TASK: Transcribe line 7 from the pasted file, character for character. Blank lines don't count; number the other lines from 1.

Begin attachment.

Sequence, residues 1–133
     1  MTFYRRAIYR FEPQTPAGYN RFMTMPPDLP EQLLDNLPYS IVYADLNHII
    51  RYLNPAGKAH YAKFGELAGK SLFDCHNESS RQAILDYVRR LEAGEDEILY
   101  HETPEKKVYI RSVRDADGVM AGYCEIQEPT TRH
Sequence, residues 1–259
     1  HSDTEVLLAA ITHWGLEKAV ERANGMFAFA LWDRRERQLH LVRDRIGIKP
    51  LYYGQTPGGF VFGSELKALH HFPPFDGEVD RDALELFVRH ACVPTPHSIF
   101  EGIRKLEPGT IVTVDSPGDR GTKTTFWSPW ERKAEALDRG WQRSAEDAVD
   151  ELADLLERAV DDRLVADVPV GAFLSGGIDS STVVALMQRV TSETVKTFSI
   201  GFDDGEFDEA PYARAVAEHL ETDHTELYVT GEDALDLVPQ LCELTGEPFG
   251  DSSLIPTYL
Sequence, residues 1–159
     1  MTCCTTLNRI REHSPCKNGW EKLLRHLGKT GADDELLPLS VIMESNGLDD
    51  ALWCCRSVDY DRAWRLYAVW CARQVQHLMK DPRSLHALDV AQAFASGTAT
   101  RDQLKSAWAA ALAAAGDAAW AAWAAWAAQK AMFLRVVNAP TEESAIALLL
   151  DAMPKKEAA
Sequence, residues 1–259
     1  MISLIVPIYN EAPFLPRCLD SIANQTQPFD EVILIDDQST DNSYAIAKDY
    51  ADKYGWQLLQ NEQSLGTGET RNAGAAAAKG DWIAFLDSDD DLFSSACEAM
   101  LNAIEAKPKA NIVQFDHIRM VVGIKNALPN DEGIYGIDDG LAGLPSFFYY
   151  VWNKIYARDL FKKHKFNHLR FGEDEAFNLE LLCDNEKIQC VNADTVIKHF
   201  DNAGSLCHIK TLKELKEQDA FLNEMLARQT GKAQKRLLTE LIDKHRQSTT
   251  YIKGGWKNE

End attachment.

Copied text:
    51  LYYGQTPGGF VFGSELKALH HFPPFDGEVD RDALELFVRH ACVPTPHSIF